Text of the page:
Shopify has become the retail operating system for over 2 million businesses. Its commerce software helps merchants manage sales across physical and digital storefronts, integrating seamlessly with branded websites, social media, and online marketplaces. Shopify also provides value-added services like payment processing, shipping, and financing. In short, the company makes it easier to start and run an omnichannel business. That value proposition has helped Shopify become the second-largest player in the U.S. e-commerce industry (behind Amazon).
Revenue rose 22% to $1.2 billion in the first quarter, and the company generated negative free cash flow of $70 million. While shareholders were hoping for better results, Shopify still gained market share in the U.S. commerce industry, both online and offline, and the company remains well positioned for future growth.
Management is working to expand its geographic footprint. Its point-of-sale hardware is now available in 11 different geographies, including three added in the first quarter. The company also completed its rollout of Shopify Markets, a cross-border commerce service that helps merchants adapt their digital storefronts to international markets. That means localizing details like language, currency, and payment options.
Perhaps more exciting, Shopify plans to acquire Deliverr for $2.1 billion, a move that should accelerate its ambitions to operate a fulfillment network. Deliverr already provides fulfillment and logistics services to sellers on platforms like Amazon and Etsy, and its ecosystem of partner warehouses, carriers, and last-mile providers will enable Shopify merchants to offer two-day or next-day delivery to buyers across the continental U.S.
In the short term, Shopify’s growth strategy will likely put pressure on margins, but in the long run, it promises to further differentiate the company. That’s why this disruptive growth stock is a buy.
John Mackey, CEO of Whole Foods Market, an Amazon subsidiary, is a member of The Motley Fool’s board of directors. Suzanne Frey, an executive at Alphabet, is a member of The Motley Fool’s board of directors. Jamie Louko has positions in Amazon, Etsy, and Shopify. Trevor Jennewine has positions in Amazon, Etsy, and Shopify. The Motley Fool has positions in and recommends Alphabet (A shares), Alphabet (C shares), Amazon, DigitalOcean Holdings, Inc., Etsy, Microsoft, and Shopify. Anthony Di Pizio has no position in any of the stocks mentioned. The Motley Fool recommends the following options: long January 2023 $1,140 calls on Shopify and short January 2023 $1,160 calls on Shopify. The Motley Fool has a disclosure policy. –

It’s official: The Nasdaq-100 technology index is in a bear market, having lost 24% of its value from its all-time high set in November 2021. Investors have grappled with rising interest rates and geopolitical tensions in Europe, which have weighed on sentiment, bringing the lofty valuations of high-flying tech stocks back down to earth. 

In times like these, it’s useful to take an extremely long-term view when it comes to investing, and focus on companies operating within high-growth sectors. Three Motley Fool contributors think Tenable Holdings (NASDAQ: TENB), DigitalOcean Holdings (NYSE: DOCN), and Shopify (NYSE: SHOP) fit the bill. Here’s why now is a great time to buy all three stocks, which could form part of your portfolio forever.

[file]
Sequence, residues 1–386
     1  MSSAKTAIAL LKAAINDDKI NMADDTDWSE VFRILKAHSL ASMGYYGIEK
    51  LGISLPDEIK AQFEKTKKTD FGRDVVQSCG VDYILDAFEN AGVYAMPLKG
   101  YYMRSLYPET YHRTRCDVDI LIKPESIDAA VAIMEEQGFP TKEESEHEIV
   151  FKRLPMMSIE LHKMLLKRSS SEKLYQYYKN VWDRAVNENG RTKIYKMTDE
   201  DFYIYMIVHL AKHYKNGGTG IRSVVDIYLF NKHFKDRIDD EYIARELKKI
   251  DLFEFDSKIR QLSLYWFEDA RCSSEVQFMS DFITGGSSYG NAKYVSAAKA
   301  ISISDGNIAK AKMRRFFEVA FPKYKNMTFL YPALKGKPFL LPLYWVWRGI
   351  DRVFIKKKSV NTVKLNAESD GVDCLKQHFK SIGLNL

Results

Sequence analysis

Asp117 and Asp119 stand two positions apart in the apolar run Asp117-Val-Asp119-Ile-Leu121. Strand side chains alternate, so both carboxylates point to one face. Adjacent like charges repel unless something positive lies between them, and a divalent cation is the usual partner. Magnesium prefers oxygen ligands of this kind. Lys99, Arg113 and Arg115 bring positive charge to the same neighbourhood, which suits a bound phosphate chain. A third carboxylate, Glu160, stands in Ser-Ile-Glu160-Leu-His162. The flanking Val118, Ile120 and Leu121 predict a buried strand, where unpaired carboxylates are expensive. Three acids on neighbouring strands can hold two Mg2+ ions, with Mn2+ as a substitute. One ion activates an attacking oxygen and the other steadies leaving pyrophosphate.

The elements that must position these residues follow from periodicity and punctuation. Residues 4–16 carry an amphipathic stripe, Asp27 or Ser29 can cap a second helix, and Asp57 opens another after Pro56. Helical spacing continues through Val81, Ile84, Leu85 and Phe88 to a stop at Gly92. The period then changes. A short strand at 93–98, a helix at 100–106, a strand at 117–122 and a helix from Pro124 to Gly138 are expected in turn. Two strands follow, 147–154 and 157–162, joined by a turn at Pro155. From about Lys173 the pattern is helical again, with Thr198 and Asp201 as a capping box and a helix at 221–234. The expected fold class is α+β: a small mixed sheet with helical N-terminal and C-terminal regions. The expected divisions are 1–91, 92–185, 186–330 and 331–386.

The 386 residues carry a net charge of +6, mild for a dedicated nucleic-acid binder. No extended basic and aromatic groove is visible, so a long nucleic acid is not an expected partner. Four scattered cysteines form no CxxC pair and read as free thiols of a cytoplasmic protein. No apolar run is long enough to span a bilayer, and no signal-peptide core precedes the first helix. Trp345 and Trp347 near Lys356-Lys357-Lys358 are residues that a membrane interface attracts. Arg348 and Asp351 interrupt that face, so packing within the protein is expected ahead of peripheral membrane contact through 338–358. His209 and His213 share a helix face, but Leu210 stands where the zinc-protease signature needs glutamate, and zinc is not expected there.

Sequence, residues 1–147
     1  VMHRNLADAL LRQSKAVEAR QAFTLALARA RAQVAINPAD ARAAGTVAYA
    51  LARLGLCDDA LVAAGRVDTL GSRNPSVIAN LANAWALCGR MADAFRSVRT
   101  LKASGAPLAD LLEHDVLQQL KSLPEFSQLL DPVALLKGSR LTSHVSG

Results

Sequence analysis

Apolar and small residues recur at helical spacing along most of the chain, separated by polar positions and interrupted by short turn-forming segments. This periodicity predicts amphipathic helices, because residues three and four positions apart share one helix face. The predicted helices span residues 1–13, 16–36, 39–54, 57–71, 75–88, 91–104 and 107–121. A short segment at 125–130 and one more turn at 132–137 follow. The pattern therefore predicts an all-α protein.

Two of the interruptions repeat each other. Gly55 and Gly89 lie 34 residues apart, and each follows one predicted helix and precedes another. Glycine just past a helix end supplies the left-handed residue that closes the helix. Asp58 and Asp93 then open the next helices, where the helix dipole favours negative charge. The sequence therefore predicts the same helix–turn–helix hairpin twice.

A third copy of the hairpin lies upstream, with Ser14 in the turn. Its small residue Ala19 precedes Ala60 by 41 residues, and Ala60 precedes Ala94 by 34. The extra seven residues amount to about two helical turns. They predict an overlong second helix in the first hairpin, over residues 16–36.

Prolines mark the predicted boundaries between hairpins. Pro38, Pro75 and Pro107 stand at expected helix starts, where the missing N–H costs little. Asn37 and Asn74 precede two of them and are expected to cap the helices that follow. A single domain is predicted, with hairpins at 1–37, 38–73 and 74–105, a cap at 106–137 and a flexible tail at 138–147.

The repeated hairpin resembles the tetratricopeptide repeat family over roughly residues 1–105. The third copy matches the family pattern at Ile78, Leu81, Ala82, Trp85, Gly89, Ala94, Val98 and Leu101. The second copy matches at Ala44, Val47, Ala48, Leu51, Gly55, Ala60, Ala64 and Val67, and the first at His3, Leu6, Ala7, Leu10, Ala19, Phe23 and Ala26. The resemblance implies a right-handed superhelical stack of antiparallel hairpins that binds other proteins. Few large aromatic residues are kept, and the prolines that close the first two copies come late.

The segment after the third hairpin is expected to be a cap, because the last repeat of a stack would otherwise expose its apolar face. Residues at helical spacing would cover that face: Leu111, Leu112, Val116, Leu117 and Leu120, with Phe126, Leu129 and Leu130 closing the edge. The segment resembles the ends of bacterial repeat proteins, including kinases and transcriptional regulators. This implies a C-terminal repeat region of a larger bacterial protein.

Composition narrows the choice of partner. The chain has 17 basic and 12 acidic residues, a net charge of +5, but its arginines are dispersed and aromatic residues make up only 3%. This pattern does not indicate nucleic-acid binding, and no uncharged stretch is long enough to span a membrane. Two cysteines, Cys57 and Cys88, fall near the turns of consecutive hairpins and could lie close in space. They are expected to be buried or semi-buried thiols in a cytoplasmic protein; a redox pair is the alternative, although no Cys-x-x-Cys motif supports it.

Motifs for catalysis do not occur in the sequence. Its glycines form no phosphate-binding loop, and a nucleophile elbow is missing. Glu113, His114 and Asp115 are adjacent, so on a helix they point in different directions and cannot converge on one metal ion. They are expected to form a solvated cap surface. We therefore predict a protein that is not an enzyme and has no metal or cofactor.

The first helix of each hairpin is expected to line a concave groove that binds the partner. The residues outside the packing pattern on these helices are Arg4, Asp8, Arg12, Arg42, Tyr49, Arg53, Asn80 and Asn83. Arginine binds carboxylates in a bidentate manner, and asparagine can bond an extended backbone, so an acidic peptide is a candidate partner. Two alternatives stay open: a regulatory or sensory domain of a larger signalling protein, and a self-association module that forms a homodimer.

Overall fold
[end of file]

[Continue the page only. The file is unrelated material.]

Image source: Getty Images.

A threat detection specialist

Anthony Di Pizio (Tenable): Until a week ago, shares of cybersecurity powerhouse Tenable were trading in the green for the year. It was one of just a few stocks delivering a positive return for 2022 in the face of a collapsing broader market, but even with its current year-to-date decline of 9%, it’s still outperforming the Nasdaq 100 index, which is down by more than double that amount.

The outperformance is driven by a growing need for advanced cybersecurity tools among large corporations as the threat landscape continues to evolve. Tenable is ranked No. 1 across multiple categories including coverage, accuracy, and adoption. Its Nessus platform protects against over 69,000 common vulnerabilities and exposures, which is the highest number in the industry, and it does so with the lowest rate of false positives, according to the company.

Tenable’s Nessus is deployed within over 30,000 organizations and has been downloaded over 2 million times. Its customizable nature makes it perfect for businesses of all sizes, but the company is observing the fastest growth among its customers who spend $100,000 or more each year. As of the first quarter of 2022 Tenable had 1,112 of those customers, and between 2016 and 2021 it added them at a rate of 54% per year. It helped the company grow its revenue by 34% annually over the same period, to $554 million in 2021. 

The growth looks set to continue in 2022, albeit at a slowing pace given the uncertain economic environment. Tenable expects to deliver $676 million in sales this year, a 22% year-over-year jump. 

But the most lucrative gains could be realized over the long term. By 2030, estimates suggest the cybersecurity industry could be worth over half a trillion dollars annually. In a survey conducted by global consulting firm PricewaterhouseCoopers, a group of CEOs indicated cybersecurity risks were the greatest threat to their respective businesses over the next 12 months, and as companies continue to migrate more of their operations online, that trend is likely only going in one direction.